In contrast, loose-knit paper filters are easier to use because the drawdown is faster, but the end result means less clarity and vibrancy in the cup.
Both Hiro and Gabriel prefer abaca-based papers. According to Gabriel, these are designed to solve two problems brewers commonly encounter with their filters: the papery flavour in the cup, and the lack of resistance during extraction.
However, Gabriel also notes that extracting papery flavours into the cup is often a consequence of poor pouring control. He explains that it is normal for inexperienced brewers to have less control over their flow rate during the pour.
As such, Gabriel recommends using filters that are at least 0.15mm thick, because the higher density slows down the flow of water – resulting in less body but more pleasant acidity.
Thicker papers also should be used with coarser coffees and lighter roasts. Hiro explains: “[It’s] harder [for coarser grinds and lighter roasts] to [dissolve], so they usually have a longer brew [time]”.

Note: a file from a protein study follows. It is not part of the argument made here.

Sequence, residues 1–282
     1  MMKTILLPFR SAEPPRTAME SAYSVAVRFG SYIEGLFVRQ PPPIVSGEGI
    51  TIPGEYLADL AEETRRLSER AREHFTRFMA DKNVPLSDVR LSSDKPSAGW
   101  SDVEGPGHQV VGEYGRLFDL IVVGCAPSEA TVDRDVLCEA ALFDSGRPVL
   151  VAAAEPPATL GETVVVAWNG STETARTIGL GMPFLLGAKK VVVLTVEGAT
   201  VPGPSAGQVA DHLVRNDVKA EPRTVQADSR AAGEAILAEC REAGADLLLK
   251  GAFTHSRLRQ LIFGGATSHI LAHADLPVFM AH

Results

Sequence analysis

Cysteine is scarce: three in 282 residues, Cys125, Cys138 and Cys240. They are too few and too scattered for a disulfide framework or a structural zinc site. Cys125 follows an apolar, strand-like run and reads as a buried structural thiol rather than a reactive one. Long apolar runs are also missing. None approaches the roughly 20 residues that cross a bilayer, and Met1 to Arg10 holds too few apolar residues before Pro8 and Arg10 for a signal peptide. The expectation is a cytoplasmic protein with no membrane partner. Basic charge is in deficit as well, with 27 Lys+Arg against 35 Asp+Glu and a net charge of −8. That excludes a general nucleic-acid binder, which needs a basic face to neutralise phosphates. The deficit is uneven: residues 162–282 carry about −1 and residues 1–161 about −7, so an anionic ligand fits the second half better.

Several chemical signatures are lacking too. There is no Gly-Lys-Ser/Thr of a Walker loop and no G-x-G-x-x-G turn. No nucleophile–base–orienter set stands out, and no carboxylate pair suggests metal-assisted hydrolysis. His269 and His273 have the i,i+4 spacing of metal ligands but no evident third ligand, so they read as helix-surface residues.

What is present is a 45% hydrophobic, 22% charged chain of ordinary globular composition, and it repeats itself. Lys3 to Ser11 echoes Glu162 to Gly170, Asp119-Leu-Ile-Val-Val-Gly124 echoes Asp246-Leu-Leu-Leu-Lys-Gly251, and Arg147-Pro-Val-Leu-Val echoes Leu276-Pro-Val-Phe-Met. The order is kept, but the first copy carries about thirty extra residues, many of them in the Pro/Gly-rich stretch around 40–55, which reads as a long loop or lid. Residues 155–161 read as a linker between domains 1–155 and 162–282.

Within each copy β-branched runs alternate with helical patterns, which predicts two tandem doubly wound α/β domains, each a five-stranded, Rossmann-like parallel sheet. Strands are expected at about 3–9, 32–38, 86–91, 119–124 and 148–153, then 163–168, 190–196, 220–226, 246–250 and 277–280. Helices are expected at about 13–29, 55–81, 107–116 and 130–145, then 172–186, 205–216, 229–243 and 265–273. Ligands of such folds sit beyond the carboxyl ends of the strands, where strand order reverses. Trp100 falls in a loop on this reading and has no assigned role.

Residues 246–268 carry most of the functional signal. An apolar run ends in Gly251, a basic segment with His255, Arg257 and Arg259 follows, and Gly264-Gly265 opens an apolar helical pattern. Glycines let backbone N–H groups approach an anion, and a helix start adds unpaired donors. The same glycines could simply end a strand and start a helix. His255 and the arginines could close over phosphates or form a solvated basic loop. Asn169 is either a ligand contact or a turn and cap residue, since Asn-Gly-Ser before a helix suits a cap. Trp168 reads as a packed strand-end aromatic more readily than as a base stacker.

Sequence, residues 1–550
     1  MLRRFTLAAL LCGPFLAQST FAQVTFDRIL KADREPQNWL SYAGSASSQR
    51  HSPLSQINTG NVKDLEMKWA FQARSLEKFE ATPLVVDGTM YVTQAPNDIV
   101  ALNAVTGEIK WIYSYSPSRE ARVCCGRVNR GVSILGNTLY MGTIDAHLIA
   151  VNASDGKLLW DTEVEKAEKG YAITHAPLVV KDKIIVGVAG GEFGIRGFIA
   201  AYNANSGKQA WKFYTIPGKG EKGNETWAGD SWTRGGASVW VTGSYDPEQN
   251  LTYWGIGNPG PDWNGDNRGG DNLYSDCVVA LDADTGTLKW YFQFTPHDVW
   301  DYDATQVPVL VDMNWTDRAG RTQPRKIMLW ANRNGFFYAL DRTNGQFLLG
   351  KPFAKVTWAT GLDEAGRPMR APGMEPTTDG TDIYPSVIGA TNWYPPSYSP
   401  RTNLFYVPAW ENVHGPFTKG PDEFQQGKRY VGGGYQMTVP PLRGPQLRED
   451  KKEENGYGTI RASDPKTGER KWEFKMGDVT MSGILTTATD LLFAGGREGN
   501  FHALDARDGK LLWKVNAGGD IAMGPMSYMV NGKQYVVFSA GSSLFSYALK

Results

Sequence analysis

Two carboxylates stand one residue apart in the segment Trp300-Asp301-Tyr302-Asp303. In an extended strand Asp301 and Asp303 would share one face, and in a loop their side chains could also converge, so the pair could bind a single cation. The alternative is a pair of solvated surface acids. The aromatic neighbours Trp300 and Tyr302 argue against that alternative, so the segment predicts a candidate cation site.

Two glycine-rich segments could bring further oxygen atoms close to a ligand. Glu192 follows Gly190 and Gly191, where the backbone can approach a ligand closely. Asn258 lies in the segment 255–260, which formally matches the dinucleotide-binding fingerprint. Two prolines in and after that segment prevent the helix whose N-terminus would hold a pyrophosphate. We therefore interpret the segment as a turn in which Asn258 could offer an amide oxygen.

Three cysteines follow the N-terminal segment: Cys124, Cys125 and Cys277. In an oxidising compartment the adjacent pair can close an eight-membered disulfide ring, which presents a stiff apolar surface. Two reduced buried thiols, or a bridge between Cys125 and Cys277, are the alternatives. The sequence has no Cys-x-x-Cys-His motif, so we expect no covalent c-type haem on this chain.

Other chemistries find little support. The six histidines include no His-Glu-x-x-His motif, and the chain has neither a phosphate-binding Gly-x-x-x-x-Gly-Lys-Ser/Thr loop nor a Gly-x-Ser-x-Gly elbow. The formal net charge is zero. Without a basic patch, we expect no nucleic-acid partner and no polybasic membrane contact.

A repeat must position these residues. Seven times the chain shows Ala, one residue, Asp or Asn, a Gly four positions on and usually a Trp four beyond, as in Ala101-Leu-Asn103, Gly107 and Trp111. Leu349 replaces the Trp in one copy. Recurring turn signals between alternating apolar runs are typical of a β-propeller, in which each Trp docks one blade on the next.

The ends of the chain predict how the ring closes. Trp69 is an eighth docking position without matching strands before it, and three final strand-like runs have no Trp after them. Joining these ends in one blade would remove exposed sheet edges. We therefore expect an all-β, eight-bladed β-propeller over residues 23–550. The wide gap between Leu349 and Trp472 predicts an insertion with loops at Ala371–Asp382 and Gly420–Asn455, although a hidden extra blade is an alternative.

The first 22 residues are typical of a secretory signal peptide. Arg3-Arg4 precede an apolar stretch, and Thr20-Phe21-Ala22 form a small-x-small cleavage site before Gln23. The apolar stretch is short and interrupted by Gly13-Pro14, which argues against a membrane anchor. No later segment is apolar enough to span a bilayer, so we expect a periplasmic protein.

In contrast, thinner paper filters are ideal for darker roasts and finely ground coffees, which are both easier to extract – meaning the total brew time is faster.
For beginners, Hiro says it can be worth using steep-release immersion hybrid brewers, like the Clever Dripper or Hario Switch, with light and medium roasts.
“There’s no perfect recipe for succeeding at your coffee game,” he concludes. “The best will be the one that gives you the best result.”
Tips from champion brewers
Both Hiro and Gabriel say that experimentation is key when fine-tuning your extraction and brewing coffee to best suit your tastes. In line with this, they recommend trying different paper filters to see what works best for you.
“I use thick filter papers (0.28mm) [for dark roasts], thinner [filters] (0.15mm) [for medium roasts], and abaca filters for medium to light roasts,” Gabriel says. He recommends a brew time of 2:10 to 2:20 minutes, which he believes is the “sweet spot” for his brews.